Talk:503: Terminology

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Revision as of 12:13, 13 November 2013 by Hkmaly (talk | contribs)
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Well, sitting in Europe, the East is in fact east and the West is in fact west of me. It's just a term made from an European point of view and has settled over time. The main problem is that east and west should be used as relative directions but are used absolute. (Contrary to north and south which can also be used absolute). -- 12:18, 30 April 2013 (UTC)

I'm still accustomed to the use of the Pacific Ocean as the geographical split, centralising the Atlantic Ocean. However, since the UTC boundary sits east of the Atlantic, perhaps the East and West hemispheres should be reversed to match.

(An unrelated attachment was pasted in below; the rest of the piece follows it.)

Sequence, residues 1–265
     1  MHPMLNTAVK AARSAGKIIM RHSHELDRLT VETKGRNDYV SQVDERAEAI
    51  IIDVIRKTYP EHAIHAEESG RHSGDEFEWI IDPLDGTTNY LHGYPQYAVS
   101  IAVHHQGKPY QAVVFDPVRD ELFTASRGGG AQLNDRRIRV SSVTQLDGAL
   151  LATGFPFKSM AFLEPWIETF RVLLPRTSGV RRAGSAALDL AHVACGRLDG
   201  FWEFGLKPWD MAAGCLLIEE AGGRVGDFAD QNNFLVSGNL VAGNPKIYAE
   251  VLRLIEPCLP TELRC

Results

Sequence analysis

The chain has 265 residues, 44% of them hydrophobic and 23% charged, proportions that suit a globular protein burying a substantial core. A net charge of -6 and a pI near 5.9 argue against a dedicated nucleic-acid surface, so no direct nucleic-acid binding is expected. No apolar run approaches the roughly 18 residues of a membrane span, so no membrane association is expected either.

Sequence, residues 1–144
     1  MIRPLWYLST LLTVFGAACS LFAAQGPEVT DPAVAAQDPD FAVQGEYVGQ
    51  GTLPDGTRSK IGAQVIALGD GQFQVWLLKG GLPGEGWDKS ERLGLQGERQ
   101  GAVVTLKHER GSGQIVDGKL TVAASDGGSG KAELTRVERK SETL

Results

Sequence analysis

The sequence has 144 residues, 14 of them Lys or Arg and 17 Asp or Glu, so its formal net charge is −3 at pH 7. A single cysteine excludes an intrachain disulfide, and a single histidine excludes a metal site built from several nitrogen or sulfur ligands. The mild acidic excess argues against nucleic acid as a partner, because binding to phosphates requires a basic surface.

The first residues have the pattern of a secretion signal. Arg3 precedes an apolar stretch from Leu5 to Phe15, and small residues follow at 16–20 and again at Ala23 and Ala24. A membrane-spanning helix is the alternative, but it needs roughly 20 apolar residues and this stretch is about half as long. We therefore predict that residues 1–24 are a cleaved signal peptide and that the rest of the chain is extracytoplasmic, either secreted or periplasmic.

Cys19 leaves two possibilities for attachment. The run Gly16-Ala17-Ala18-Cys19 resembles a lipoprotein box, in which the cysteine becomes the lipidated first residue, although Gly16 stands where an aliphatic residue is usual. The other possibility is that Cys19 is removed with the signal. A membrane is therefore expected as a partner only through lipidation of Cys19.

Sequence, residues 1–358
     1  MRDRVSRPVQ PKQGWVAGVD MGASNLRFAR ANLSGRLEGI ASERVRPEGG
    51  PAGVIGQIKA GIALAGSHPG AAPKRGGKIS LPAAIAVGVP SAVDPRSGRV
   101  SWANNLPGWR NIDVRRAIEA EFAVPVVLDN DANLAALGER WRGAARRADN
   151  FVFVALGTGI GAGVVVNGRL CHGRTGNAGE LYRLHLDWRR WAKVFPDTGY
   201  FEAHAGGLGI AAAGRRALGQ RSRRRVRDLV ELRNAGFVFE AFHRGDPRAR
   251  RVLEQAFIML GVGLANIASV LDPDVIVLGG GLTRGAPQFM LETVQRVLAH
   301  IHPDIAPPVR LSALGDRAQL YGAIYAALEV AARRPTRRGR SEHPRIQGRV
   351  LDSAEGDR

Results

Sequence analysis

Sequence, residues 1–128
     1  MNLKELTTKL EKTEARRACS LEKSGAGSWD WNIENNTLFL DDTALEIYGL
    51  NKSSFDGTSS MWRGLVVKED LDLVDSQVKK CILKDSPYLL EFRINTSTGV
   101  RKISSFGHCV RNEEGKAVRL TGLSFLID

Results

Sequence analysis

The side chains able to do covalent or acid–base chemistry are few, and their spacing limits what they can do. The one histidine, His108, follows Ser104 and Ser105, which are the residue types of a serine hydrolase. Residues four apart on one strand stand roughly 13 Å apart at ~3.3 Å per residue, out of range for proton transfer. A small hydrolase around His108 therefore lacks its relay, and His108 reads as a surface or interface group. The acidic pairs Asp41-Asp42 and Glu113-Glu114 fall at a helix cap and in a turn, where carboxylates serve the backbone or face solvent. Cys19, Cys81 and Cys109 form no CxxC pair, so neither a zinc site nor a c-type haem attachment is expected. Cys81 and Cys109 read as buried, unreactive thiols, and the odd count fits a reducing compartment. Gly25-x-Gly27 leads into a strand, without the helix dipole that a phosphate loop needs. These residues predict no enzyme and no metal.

Do we have enough dumptrucks to handle this formidable task? Thokling (talk) 08:35, 25 September 2013 (UTC)
So what? The International Date Line sits within the Pacific. Also, for the reasons mentioned above (east and west being relative), I would refrain from using the terms eastern and western hemisphere. --SlashMe (talk) 14:17, 25 September 2013 (UTC)
It's not only point of VIEW. Our civilization is based in Europe. Europeans first discovered and then conquered rest of world (doesn't matter if the people already living there wanted to be discovered or not). "West" is what was discovered when sailing to west from Europe, "east" is what was discovered when sailing to east. Americans (especially citizens of USA) sometimes forget they are (mostly) NOT native of America, but immigrants from Europe.
Also, in Europe itself, the division between "east" and "west" was set at end of world war II, at Potsdam Conference, and I'm sure noone cared for geography there. -- Hkmaly (talk) 12:13, 13 November 2013 (UTC)